columbium-base alloys metallographic observations

The hardness values of the alloys forged at 1,200° C and then annealed at 1,300° C for 2 hours are seen in table 7 and in figure 28. By comparing figure 17 with 28, it is evident that the hardness values of annealed alloys becomes generally less than the hardness of the as-cast alloys, and the effect of the alloying elements for hardening is the same in both alloys.


A test on the recrystallization of cold-rolled alloys was made to appraise the effect of alloying elements at high temperatures.

columbium base alloys hardness

The alloys that were cold-reduced from 55 to 65 percent in thickness were heated for 1 hour at 900°, 1,000°, 1,100°, 1,150°, 1,200°, 1,250° and 1,300° C, respectively, and water-quenched. The specimens were glass-coated by a method mentioned previously. The heat treatment was carried out in the atmosphere. By examining the microstructure, hardness, and softening curves of the alloys, the recrystallization temperature and dissolving temperature of the precipitate were determined.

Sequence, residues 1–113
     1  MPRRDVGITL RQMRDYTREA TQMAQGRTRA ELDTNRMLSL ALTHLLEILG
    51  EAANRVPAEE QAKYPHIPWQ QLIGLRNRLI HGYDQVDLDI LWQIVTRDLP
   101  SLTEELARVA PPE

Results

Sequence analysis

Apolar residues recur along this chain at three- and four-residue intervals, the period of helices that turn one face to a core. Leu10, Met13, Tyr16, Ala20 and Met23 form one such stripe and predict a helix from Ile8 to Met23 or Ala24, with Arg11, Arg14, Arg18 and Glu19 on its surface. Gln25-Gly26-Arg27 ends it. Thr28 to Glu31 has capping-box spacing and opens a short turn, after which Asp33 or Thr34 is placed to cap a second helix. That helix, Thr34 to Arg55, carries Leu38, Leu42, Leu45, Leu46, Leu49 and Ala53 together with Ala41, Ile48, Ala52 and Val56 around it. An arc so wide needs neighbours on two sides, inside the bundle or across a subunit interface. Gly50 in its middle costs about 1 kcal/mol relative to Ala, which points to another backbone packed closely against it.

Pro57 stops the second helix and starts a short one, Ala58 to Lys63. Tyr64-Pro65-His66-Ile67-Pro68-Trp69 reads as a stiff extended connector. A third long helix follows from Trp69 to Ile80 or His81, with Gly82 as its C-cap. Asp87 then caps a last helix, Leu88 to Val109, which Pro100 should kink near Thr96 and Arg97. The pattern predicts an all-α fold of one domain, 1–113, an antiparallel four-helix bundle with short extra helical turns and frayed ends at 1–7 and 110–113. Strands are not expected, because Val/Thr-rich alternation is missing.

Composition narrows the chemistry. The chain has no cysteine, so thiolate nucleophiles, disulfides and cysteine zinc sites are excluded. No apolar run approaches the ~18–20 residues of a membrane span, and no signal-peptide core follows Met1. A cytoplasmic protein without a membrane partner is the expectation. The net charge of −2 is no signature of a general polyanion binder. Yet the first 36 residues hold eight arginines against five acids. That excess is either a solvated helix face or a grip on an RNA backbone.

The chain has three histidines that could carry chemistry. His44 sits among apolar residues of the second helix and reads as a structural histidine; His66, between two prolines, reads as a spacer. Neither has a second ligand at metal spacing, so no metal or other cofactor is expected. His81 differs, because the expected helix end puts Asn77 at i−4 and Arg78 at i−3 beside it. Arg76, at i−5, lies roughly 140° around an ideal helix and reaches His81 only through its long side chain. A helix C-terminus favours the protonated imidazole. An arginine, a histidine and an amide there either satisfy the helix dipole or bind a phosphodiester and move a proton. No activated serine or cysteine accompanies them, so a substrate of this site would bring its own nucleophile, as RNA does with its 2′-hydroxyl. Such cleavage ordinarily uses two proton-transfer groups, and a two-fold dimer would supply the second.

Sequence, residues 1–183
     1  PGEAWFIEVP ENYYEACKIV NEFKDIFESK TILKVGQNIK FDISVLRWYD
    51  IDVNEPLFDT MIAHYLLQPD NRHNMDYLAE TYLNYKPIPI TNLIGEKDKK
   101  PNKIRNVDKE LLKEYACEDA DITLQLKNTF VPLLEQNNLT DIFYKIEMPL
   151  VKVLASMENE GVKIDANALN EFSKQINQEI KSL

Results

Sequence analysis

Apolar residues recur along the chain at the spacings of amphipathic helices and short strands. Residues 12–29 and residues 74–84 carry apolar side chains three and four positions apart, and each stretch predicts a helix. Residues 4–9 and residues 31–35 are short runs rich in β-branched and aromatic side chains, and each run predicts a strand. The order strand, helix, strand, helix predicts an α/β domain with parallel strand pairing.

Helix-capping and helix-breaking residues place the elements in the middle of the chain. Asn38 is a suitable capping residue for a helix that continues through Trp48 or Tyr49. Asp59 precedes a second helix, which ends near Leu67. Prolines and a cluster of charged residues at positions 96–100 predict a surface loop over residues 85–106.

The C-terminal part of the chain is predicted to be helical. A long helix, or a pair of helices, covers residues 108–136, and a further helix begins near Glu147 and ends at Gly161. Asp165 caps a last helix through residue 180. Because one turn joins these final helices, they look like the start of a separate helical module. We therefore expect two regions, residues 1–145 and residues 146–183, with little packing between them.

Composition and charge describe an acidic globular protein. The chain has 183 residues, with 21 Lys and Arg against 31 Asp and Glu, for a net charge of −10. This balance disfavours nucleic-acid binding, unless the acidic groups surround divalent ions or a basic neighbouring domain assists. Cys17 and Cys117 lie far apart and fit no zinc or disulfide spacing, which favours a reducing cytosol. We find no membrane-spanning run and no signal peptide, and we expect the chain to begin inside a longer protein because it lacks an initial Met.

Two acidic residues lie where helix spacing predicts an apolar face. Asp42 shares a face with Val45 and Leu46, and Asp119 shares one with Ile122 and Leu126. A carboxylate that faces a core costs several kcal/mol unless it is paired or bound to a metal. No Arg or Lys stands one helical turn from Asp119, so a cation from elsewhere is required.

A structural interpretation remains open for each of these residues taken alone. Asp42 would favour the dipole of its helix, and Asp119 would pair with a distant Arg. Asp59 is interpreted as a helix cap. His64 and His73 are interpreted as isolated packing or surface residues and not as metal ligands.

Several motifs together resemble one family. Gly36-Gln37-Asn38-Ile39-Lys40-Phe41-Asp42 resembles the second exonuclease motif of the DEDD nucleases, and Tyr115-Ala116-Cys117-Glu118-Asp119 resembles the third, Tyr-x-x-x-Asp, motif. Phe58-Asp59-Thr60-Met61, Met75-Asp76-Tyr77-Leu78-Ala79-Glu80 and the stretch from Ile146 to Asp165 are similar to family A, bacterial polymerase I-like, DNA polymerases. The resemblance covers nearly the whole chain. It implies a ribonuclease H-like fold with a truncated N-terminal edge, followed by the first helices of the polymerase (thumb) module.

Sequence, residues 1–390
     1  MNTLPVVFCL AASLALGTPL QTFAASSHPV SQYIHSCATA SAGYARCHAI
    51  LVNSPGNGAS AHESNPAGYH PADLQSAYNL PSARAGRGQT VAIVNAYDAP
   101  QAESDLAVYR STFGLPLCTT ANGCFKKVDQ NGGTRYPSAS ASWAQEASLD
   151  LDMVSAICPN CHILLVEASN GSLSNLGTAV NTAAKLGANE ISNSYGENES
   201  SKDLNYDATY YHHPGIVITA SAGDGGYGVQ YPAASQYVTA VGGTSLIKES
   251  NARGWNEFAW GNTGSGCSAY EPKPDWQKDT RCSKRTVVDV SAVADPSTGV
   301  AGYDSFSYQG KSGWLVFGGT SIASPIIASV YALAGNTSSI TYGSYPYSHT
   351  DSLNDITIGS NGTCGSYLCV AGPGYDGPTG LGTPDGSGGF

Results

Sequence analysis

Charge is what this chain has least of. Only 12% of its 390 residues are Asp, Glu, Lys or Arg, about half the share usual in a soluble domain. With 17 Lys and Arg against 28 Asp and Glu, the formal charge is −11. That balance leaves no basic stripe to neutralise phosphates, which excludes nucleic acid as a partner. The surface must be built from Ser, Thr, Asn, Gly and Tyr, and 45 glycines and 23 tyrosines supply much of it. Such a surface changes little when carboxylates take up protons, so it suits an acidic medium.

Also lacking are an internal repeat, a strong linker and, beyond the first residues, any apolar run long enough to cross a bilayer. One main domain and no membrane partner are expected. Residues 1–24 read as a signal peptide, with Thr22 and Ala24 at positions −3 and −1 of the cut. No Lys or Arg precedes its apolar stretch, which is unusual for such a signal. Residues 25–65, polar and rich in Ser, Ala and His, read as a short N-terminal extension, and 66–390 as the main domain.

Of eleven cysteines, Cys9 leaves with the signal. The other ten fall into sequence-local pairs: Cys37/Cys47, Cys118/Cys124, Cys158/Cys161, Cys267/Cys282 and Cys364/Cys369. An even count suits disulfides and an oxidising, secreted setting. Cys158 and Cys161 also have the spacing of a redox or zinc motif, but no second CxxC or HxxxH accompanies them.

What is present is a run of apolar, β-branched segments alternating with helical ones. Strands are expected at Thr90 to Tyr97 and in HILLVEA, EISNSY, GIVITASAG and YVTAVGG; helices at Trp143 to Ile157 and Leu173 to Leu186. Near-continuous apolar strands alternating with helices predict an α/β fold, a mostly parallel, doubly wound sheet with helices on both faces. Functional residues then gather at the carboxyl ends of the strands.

Recrystallization data are shown in table 8 and figure 29. The recrystallization of sample Y-1 begins about 1,000° C and finishes about 1,150° C. The precipitate that existed in the alloy in the as-rolled condition dissolved almost completely at 1,200° C. Also, Y-1 does not show any evidence of a second phase in the as-cast structure.